Dozens of prominent black business leaders issued a joint statement on Wednesday condemning the wave of voter suppression measures in U.S. states and calling on big business to publicly oppose it.
The statement, coordinated by Merck CEO Ken Frazier, former American Express CEO Ken Chenault and the Black Economic Alliance, was signed by more than 70 executives who called on companies to oppose “all measures to limit Americans’ ability to vote ”.
“As black business leaders, we cannot sit silently in the face of this growing threat to our nation’s democratic values and allow the fundamental right of Americans to vote for whomever they choose to be trampled on. once again, ”the executives said. Wednesday. Their letter was published as an ad in The New York Times and coincides with growing pressure on American businesses to take concrete action against racist attempts to deny voters the right to vote.
Corporate America, the executives said, must “mobilize its collective influence to ensure justice and fairness for all.”
The leaders who co-signed Wednesday’s statement join ongoing calls for U.S. businesses to oppose voter suppression measures adopted by lawmakers in Republican states across the country.
Just last week Georgia Governor Brian Kemp signed a bill which imposes new requirements for postal voting, restricts the use of drop boxes and criminalizes people who give water or food to voters who stand in line. Many of the more restrictive elements of the Georgian bill are also pushed by Republican lawmakers in 43 states.
Voting rights experts and activists have compared the repressive policies to the racist voter suppression laws enacted during the Jim Crow era because of their disproportionate impact on non-white voters, and last week President Joe Biden called Georgia’s bill “Jim Crow in the 21st century”.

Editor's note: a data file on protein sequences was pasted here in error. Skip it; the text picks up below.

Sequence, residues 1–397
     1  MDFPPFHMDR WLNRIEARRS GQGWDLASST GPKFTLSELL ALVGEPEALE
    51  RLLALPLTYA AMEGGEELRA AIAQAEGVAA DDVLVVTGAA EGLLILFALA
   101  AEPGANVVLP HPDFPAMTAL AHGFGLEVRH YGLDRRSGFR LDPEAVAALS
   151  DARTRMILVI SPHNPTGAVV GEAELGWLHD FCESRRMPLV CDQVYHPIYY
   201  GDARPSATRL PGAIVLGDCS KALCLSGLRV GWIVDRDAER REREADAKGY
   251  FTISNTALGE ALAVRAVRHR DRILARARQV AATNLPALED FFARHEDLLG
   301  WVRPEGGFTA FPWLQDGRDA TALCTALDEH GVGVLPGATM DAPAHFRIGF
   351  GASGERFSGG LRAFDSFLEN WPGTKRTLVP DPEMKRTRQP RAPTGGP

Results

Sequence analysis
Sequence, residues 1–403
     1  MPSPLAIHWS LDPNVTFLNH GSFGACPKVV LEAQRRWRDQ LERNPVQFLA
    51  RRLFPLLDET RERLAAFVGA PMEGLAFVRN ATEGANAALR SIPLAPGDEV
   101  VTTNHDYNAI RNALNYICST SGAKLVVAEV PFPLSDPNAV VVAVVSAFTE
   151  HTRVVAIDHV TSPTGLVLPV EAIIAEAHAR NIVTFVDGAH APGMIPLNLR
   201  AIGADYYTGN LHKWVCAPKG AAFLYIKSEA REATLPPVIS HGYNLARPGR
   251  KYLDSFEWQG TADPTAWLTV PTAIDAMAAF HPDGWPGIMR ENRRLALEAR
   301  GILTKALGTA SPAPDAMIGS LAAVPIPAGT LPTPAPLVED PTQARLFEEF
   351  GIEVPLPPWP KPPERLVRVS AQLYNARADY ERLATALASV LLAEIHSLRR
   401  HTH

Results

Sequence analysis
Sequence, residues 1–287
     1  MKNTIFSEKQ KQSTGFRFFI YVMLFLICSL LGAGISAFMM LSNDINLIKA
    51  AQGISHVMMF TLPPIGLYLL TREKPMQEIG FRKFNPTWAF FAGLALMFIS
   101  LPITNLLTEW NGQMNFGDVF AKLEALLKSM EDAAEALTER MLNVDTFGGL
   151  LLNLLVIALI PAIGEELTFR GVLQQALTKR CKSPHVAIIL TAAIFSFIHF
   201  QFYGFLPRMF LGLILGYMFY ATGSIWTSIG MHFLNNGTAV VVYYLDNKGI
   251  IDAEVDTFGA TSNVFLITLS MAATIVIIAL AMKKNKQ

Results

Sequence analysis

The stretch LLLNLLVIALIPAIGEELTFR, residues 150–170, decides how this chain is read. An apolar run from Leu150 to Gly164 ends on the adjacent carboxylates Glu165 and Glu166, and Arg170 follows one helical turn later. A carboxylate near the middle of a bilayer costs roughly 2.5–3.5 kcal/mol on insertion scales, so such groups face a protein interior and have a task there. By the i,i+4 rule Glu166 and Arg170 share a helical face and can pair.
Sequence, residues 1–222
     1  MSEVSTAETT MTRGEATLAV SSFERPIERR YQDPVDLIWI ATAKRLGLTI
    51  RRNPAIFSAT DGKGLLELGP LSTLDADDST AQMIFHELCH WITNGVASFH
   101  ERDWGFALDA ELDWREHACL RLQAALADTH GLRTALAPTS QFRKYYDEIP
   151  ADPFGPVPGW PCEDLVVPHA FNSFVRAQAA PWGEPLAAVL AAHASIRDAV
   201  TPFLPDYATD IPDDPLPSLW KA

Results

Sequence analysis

In Wednesday’s joint statement, the black cadre group said, “The disproportionate racial impact of these so-called ‘neutral laws’ should not be overlooked or excused.”
Local activists and state officials have mainly led the public campaign to hold business accountable as the business world lags far behind.
For weeks, activists in Georgia have threatened to boycott several large Georgia-based companies – including Coca-Cola, Home Depot and Delta – if the companies do not use their power to oppose voter suppression measures. Delta’s CEO reversed course on Wednesday after Delta initially backed the bill. In a note to employees, CEO Ed Bastian said the company now finds the bill “unacceptable” after “having had time to fully understand” what is in it.
Wednesday afternoon, several other companies appeared to acknowledge the rise in public pressure and also issued statements expressing some level of concern about Georgia’s bill.
Sen. Raphael Warnock (D-Ga.) On Sunday called on businesses to remain inactive amid voter suppression efforts in Georgia.
“I saw these companies fall on themselves every year around the time of the [Martin Luther] King’s Day celebrating Dr King, ”Warnock said. “And yes, I think the way to celebrate Dr. King is to stand up for what he stood for: the right to vote.
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